A fellow contributor recently wrote an article highlighting the many shortfalls of using EBITDA (earnings before interest, taxes, depreciation, and amortization) for securities analysis. While the article provided a very insightful look into the many shortfalls of EBITDA, I disagree with the author's conclusion not to use EBITDA for analytical purposes. In fact, I believe that EBITDA can be a very useful analytical and valuation tool, when used properly.
A Flawed Metric Used By Many
Undeniably, EBITDA ignores a number of important factors; not least of which being Capex (capital expenditures) and interest expense, which can consume a substantial portion of a company's cash flow. Despite these obvious shortfalls, EBITDA remains one of several primary metrics used for the analysis and valuation of companies and their securities.
Take a look at security research reports (particularly for corporate bonds, but also for equities), bank loan and bond covenant statements, credit rating agency reports, or even the key statistics for companies on websites like Yahoo! Finance and you'll find that EBITDA is one of the key metrics used for analysis. While such widespread use, in and of itself, is no justification for the use EBITDA, it does beg the question: Why are so many analysts using EBITDA, despite its clear limitations?
A skeptic would say that it's because companies and their investment bankers have pushed EBITDA, as it flatters results. While there may be some truth to that theory, I believe that it underestimates the collective aptitude of the analyst community (particularly the very skeptical analysts of the high-yield bond community, who use EBITDA as a primary metric for credit analysis).
In my opinion, the real answer to the question lies in context. No valuation metric is useful when used in isolation; however, EBITDA is rarely used in such a manner.
Typically, EBITDA is used relative to metrics that incorporate debt or related interest expenses (e.g. Enterprise Value/EBITDA, Net Debt/EBITDA, and EBITDA/Interest). Secondly, these EBITDA ratios are typically used for comparative purposes across an industry where relative on-going capital expenditure requirements are similar (i.e. the companies generally spend a comparable amount of Capex relative to EBITDA).
As such, debt and resultant interest expenses are captured in the ratios, while the impact of the Capex omission is broadly consistent across the different companies. While such comparisons are NOT appropriate across industries with vastly differing Capex needs, they can be very useful for comparisons within one particular industry.
EBITDA is often also used relative to debt or interest and actual Capex levels (e.g. [EBITDA - Capex]/Interest). These ratios are more useful for the comparison of companies across differing industries with different capital expenditure requirements.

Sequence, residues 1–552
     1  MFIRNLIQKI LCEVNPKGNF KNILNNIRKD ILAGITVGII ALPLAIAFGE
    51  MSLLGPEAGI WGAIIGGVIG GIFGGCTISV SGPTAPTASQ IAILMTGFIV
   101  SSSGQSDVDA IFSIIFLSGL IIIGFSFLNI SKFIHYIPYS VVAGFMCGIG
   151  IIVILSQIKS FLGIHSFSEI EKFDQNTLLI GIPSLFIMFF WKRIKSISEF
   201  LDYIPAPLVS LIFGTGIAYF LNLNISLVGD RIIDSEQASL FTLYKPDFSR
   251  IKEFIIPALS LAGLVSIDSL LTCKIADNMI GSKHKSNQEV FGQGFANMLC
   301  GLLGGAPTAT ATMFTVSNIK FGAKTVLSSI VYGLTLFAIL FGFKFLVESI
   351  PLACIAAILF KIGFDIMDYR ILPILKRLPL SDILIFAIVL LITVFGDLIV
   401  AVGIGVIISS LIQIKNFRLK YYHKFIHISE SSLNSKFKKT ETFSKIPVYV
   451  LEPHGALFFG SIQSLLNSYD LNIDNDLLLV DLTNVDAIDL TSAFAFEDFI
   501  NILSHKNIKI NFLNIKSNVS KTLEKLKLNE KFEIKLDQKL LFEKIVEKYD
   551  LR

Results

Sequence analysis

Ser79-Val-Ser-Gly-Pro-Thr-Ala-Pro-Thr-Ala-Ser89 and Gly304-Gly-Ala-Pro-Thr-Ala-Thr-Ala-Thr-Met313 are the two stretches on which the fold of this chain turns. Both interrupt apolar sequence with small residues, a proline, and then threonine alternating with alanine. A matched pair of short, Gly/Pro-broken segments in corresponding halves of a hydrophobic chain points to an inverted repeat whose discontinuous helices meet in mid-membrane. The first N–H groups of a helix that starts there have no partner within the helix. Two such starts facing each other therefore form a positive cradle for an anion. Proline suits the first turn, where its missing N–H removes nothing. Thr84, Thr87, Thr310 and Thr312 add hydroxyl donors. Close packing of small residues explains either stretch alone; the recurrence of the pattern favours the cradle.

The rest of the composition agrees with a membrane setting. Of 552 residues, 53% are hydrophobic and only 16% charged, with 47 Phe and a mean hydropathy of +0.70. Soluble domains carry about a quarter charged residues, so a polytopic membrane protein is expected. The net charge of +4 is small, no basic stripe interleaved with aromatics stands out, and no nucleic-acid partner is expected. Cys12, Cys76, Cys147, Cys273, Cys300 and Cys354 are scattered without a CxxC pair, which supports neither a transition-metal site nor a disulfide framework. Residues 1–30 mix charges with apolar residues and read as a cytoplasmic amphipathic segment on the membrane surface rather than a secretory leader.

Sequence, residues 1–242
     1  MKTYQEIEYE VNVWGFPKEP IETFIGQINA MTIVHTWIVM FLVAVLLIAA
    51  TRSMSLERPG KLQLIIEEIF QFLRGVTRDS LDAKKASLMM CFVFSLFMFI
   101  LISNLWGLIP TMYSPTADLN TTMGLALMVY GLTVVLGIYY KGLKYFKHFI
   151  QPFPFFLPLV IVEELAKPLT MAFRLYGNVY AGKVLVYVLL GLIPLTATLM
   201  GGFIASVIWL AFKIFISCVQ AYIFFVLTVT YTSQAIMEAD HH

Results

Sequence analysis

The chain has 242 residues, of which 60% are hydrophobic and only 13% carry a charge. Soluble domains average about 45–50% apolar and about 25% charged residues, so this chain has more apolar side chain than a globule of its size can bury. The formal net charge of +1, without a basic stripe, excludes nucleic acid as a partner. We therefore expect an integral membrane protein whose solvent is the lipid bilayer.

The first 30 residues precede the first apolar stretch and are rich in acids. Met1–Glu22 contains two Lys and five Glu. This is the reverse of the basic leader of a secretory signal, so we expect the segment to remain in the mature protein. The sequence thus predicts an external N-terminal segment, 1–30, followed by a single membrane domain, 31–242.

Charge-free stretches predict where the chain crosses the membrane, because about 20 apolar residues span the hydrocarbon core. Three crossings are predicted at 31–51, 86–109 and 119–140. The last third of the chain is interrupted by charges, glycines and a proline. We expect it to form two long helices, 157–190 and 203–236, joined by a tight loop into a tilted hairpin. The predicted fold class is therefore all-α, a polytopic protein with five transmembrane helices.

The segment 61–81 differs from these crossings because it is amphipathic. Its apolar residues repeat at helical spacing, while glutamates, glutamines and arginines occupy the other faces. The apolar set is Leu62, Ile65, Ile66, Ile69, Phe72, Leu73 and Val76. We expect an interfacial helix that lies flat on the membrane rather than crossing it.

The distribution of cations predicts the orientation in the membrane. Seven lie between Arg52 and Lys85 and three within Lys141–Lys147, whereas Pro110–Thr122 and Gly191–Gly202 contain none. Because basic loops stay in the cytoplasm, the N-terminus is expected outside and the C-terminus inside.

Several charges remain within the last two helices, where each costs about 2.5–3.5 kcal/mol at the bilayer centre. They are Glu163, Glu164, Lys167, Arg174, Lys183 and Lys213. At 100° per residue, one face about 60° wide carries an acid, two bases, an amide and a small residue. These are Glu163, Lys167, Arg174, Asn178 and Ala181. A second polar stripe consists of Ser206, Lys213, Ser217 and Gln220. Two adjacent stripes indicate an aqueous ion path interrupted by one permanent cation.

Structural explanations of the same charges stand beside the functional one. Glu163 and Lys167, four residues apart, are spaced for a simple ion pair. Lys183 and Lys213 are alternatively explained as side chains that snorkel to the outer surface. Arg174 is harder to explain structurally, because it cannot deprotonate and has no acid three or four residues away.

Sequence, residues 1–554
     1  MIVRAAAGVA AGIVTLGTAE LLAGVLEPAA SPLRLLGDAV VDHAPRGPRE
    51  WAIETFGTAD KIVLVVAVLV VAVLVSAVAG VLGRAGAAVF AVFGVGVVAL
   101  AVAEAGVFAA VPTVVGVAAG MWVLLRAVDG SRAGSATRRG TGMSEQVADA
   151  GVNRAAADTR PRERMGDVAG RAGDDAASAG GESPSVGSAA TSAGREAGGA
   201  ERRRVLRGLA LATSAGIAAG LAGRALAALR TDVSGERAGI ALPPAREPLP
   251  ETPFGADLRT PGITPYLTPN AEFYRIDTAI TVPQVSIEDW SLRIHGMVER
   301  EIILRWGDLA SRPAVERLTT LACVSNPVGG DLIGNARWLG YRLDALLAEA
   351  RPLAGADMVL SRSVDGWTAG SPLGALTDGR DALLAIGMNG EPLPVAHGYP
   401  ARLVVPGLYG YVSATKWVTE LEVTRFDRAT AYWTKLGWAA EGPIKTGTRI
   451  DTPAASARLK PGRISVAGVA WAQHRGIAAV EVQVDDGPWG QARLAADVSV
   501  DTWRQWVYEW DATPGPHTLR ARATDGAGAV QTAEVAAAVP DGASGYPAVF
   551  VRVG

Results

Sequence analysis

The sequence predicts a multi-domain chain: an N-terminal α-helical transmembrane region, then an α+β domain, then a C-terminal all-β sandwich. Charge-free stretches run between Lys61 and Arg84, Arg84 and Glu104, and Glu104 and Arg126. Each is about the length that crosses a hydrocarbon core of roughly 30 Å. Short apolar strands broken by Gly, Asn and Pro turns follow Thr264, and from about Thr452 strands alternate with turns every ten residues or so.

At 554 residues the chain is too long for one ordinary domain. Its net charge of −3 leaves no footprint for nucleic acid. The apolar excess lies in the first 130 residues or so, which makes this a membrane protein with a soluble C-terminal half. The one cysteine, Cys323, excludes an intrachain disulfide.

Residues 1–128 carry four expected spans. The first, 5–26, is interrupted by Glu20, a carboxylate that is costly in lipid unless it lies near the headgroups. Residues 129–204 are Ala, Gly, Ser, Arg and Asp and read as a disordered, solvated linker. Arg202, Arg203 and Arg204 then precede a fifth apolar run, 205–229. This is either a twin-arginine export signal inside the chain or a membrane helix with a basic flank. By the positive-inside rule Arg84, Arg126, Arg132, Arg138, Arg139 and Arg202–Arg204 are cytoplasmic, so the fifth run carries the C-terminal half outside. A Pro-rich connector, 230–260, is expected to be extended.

When using these EBITDA multiples that incorporate Capex, the EBITDA ratios can actually be more relevant than net income ratios. This is because these EBITDA ratios reflects actual Capex levels, while net income ratios reflects depreciation and amortization - backwards-looking data that reflects the accounting treatment of previous spending for Capex and investments.
As a result, depreciation and amortization expenses (and their resultant impact on net income) can be totally disconnected from economic reality by vastly over or understating these expenses relative to a company's actual ongoing capital expenditures and investment requirements.
In securities analysis, there are too many variables to consider for any one metric to ever capture everything. All metrics have limitations and need to be looked at within the context of many additional factors. Even actual cash flow (and operating cash flow less Capex) can be misleading, if there are substantial non-recurring items that are impacting the results.
For the above reasons, individual financial metrics (and ratios) should only be a starting point for analysis. Comprehensive securities analysis should always incorporate a full examination of ALL of the financial statements, with a focus on normalized ongoing cash flow.
All that said, I believe that EBITDA ratios (adjusted for non-recurring items and in proper context) can be very useful metrics for quick and simple screenings. This is particularly true for the comparison and analysis of early-stage and/or highly-leveraged companies that have yet to generate net income (e.g. for high-yield corporate bond analysis).
The bottom line is that EBITDA is used by the analyst community for good reasons. As such, it probably always will be one of several primary tools used for the analysis of companies and their securities.